Of course, it is clear that it is not always the case – or essential to its definition – that local forms of organisation be understood as merely accommodating; rather, as Sharzer himself suggests, that they repeatedly fail to address fundamental questions regarding the base operations of property and capital. The concept of a non-local group, even in cyberspace, is, of course, impossible to imagine. His own example of ‘globalised resistance’, the European strikes last November, was the result of coordinated groups of locally organized workers, and, while emotive at the level of spectacle, such activities could hardly be described as revolutionary in praxis against the contemporary mechanisms of post-Fordist control. Certainly a vital corrective is required if Sharzer’s thesis is to be deployed as a vehicle for clarifying debate: that it is only when the channels of communication between such groups ‘devolve’ into being localist that the potential for resistance is dampened. In these terms, the ongoing tension between ‘accommodation’ and ‘resistance’ is not just tied to the intentionality of class struggle, but profoundly expressed in how groups interact though media, culture and technology.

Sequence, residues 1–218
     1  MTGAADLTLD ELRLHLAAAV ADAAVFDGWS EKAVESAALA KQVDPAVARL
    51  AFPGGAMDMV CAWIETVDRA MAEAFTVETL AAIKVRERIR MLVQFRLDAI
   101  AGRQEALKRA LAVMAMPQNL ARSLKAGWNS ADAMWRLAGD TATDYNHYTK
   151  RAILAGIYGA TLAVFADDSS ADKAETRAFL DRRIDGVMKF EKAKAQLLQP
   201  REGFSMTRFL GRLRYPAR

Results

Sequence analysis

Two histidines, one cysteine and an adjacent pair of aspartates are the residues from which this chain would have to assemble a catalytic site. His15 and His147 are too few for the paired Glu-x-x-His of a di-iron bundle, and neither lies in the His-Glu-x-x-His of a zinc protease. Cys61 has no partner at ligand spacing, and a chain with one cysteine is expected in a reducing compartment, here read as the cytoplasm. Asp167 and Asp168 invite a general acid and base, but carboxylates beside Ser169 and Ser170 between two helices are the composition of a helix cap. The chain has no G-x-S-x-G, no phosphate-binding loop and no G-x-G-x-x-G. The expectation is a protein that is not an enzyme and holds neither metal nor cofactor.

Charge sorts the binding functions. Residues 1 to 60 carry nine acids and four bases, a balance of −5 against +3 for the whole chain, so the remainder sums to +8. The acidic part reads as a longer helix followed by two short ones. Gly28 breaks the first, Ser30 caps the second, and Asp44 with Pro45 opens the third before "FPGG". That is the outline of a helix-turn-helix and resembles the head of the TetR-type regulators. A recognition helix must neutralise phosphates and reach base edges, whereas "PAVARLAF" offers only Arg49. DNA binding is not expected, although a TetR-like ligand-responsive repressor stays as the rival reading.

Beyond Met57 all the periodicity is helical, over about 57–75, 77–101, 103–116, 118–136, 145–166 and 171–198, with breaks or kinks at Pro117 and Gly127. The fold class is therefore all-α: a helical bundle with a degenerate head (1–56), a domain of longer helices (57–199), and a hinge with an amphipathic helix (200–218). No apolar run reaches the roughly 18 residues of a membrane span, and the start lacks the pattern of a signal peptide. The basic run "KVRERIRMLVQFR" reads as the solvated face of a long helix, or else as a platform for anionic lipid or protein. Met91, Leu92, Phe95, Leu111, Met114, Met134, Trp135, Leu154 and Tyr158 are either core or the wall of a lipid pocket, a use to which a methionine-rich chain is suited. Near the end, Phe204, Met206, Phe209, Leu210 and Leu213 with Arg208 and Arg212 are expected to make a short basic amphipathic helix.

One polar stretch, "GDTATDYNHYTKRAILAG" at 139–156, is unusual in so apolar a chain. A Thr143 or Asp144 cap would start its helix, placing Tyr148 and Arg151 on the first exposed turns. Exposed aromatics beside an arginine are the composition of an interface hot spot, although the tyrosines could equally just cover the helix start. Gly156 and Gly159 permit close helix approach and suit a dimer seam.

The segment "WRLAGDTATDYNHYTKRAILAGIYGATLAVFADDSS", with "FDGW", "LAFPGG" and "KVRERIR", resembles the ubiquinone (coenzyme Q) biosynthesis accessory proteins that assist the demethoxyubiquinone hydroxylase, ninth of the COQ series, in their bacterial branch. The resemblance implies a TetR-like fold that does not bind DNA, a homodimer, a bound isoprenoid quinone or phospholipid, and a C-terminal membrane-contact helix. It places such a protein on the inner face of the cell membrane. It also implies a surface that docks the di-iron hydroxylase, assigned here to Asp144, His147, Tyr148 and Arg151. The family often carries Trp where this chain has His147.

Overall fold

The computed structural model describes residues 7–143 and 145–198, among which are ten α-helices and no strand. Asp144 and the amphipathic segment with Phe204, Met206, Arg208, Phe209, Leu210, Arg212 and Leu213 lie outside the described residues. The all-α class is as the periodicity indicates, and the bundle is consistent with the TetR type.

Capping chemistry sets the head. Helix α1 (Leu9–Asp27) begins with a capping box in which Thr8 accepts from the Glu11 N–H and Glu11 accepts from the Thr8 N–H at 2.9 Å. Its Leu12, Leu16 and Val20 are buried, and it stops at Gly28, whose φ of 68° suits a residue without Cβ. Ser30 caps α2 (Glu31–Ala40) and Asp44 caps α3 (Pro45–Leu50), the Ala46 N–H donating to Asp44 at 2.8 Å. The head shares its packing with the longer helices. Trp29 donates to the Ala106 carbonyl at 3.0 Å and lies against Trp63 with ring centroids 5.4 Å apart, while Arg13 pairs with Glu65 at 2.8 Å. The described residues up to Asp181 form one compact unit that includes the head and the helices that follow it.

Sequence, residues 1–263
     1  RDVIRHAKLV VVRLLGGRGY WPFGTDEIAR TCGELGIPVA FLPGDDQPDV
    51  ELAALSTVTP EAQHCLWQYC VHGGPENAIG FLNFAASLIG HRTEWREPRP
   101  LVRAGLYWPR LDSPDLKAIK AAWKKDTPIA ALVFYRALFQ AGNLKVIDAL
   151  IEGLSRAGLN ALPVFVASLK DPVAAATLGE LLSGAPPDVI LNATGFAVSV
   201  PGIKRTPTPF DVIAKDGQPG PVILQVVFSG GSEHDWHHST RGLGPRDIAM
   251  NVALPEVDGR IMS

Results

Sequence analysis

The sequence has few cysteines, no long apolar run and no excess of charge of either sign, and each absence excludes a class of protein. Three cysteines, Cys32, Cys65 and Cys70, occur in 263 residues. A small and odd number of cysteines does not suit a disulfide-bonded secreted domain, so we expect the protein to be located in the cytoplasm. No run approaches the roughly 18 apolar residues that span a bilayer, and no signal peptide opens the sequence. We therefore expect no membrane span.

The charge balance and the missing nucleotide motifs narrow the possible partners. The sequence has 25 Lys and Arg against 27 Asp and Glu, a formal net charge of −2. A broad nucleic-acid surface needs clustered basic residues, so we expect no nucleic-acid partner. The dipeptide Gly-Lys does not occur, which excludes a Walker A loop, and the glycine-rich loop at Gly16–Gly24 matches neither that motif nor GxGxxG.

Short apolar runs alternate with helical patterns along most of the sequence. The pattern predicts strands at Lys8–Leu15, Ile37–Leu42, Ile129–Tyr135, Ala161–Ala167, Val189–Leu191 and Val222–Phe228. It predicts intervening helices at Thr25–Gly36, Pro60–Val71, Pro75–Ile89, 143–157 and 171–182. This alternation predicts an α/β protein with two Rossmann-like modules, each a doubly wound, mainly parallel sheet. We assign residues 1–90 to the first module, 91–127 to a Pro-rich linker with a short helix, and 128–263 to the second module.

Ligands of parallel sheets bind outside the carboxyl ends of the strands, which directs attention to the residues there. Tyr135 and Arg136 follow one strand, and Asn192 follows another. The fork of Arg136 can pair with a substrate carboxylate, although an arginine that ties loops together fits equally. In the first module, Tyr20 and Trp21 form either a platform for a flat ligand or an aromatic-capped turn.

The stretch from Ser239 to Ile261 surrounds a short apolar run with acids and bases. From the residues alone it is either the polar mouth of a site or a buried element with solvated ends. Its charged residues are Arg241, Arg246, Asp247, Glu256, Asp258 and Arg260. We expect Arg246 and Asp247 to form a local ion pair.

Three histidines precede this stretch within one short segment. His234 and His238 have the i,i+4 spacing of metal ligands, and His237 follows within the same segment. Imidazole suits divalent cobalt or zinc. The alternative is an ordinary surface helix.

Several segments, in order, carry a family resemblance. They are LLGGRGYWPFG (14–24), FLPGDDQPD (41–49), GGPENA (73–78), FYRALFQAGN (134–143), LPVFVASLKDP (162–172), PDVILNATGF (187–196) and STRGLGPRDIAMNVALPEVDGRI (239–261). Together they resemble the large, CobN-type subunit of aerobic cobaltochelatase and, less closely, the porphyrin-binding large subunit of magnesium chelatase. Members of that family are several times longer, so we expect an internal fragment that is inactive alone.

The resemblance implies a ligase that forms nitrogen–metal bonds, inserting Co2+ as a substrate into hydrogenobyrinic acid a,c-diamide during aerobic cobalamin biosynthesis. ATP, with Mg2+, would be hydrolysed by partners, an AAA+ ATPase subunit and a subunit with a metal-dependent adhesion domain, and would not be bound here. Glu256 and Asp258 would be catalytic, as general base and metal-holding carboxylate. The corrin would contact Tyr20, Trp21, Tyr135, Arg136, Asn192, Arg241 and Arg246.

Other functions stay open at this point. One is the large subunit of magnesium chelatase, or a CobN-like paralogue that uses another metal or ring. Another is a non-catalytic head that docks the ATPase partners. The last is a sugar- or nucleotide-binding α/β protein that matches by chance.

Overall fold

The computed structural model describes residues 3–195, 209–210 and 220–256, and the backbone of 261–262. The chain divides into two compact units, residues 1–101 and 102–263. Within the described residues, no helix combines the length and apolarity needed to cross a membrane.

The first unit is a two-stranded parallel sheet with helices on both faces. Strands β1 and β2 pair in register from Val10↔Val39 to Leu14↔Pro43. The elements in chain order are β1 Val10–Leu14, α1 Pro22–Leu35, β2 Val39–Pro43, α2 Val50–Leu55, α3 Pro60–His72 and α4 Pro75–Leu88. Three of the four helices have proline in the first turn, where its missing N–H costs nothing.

More importantly, then, for those ‘returning to the land’, or indeed for Sharzer’s ‘revolutionary socialists’, is the question of when localism is rendered merely accommodating and what conditions of communication enable it to transcend into something larger; perhaps even global. Indeed is there anything intrinsically wrong with ‘returning’ to the land? In declining economies such as Italy, where there is much vacant farmland and mass unemployment, this small but viable counter-migration seems in itself a radical starting point from which to challenge the competitiveness of an increasingly disenfranchised urban life. The gap between this retreat and its solidification into struggle, and where Sharzer’s article is at its most provocative, is best understood by a question he notably evades: why must this movement be confined to the narrative of ‘return’? Despite considerable gains along the way – Sharzer is certainly correct that we shouldn’t be so quick to give up our schools, hospitals and factories – by not confronting this schism he fails to overcome the same problem that his supposedly docile subjects are so adamant to ignore: how can local – and national – struggles be made global?… .